Emilio Gutierrez by Julian Aguilar | The Texas Tribune
The last time Bill McCarren saw Mexican journalist Emilio Gutiérrez, the reporter was in Washington, D.C., speaking to hundreds of people after receiving the National Press Club’s John Aubuchon Press Freedom Award in October.
On Friday, McCarren, the National Press Club’s executive director, could only see Gutiérrez at a detention center in El Paso after he was nearly deported and then hauled away to the center with his son two weeks ago.
“It was a time of high emotion in the room,” McCarren said at a news conference Friday afternoon. “He wanted us to know that he’s strong in his conviction. But he’d very much like to be free.”
McCarren’s pre-holiday trip to the border was part of an ongoing effort to rally national support for Gutiérrez, who fled the border state of Chihuahua in 2008 when his reporting on cartels and military corruption there led to death threats and intimidation.
McCarren said that since the National Press Club began calling for the Gutiérrez’s release, 18,000 people have signed an online petition asking Immigration and Customs enforcement officials to release Gutiérrez and his son Oscar, who came to the United States with his father. McCarren and Gutiérrez’s lawyer, Eduardo Beckett, got a boost on Friday from U.S. Rep. Beto O’Rourke, who also met with Gutiérrez and said he came away convinced that ICE was locking up the wrong people.
“We asked them both … ‘If you are released on humanitarian parole, will you honor the court date when you have to come back? Is there any flight risk?” O’Rourke said.
He said Gutiérrez responded that in nine years since the saga began, they never absconded and checked in with federal authorities when asked.
“He doesn’t look well,” said O’Rourke of Gutiérrez. “And you can tell how much this is, for him, about his son. Taxpayers are paying $200 a day for guys who have no flight risk and honored their commitment for the last nine years.”
O’Rourke said he’d continue to lobby the government on the Gutiérrezs’ behalf and write a letter to ICE asking for their release on grounds of humanitarian parole and another to the Board of Immigration Appeals supporting the asylum claim.
McCarren added that he ICE officials he met with after he visited with Gutiérrez suggested that he and others “tone it down” when it came to the case. In am email, William P. Joyce, the acting field office director for ICE enforcement and removal operations in El Paso, said there was no such suggestion.
“The meeting was cordial and the participants each discussed their perspectives on this issue,” he said. “At no time was it stated, suggested or hinted that media reporting of this case be ‘toned down.’”
Even though Gutiérrez asked for asylum nearly a decade ago, his case wasn’t decided until earlier this year. Gutiérrez and his son were eventually denied their asylum requests and Beckett said the only option is to ask the Board of Immigration Appeals to re-open the case after the presiding judge denied the same request.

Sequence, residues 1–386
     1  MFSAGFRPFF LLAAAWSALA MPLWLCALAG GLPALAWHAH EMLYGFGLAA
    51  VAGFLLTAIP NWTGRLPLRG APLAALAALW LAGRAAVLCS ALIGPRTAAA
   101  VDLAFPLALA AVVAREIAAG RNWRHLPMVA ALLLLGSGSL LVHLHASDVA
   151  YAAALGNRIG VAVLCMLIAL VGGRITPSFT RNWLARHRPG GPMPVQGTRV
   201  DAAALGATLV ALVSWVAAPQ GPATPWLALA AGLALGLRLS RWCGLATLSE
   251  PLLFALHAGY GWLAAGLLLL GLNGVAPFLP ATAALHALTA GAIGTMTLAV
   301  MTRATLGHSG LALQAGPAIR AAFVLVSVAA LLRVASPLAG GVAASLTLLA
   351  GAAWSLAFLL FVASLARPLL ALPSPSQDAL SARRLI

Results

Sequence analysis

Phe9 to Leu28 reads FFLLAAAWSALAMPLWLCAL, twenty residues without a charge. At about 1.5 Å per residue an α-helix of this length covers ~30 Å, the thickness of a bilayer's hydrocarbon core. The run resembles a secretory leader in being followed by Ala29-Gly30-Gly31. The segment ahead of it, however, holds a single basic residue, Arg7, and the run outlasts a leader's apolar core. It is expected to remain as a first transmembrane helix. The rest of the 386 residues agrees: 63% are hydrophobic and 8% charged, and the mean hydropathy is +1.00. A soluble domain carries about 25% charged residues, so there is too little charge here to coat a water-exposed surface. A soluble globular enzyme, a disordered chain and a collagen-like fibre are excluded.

But Gutiérrez’s legal team also deserves some of the blame, according to the federal government. After the initial denial, Gutiérrez’s former lead attorney Linda Rivas said she was told the appeal wasn’t filed in time. In its denial, the federal government said the request for appeal should have been received by Aug. 18, 2017. It was instead postmarked by that date but not received.
“According to everything we did in my office, it was timely. We received a receipt, it was filed in, we actually received a fee waiver and I also received a call from the court. They were letting me know that they were preparing a very large file … and sending it over to the board of appeals,” she said. “It wasn’t until November that they let us know [it was late]. It was a horrible way to learn a lesson, but the only thing that could be done at that point was to admit to having made that mistake and to have another attorney file on my client’s behalf.”
The fight now involves not only getting the case reopened, McCarren said, but also proving that Gutierrez is in danger because of his reporting work. McCarren said that after speaking to ICE officials and reading the judge’s decision, he sensed reluctance to acknowledge that journalism is a dangerous profession in Mexico despite the country being recognized as one of the most dangerous for reporters. In 2017 alone, 10 journalists have been killed in that country, including reporter Gumaro Perez, who was shot to death Tuesday at his son’s school holiday party in the state of Veracruz.
“Whether or not he’s a journalist is central to the core of the problem at hand. This is not a traditional case, this is not a traditional deportation,” McCarren said. “If Emilio is deported, we believe he will be killed. That’s why we’re here today. At the Press Club, we argue against arbitrary detainment of journalists all over the world. I never thought I would have to argue a case like this in the United States of America.”
Read related Tribune coverage:
- A Mexican reporter who has sought asylum in the United States for nearly 10 years was, along with his son, abruptly handcuffed and nearly sent back to Mexico on Thursday. Their attorney eventually halted the deportation. [Full story]
- A Mexican reporter who sought asylum in El Paso after receiving death threats has been detained by federal officials —despite having passed an initial test to determine whether he faces a “credible fear” back home, his attorney said. [Full story]
Author: JULIÁN AGUILAR – The Texas Tribune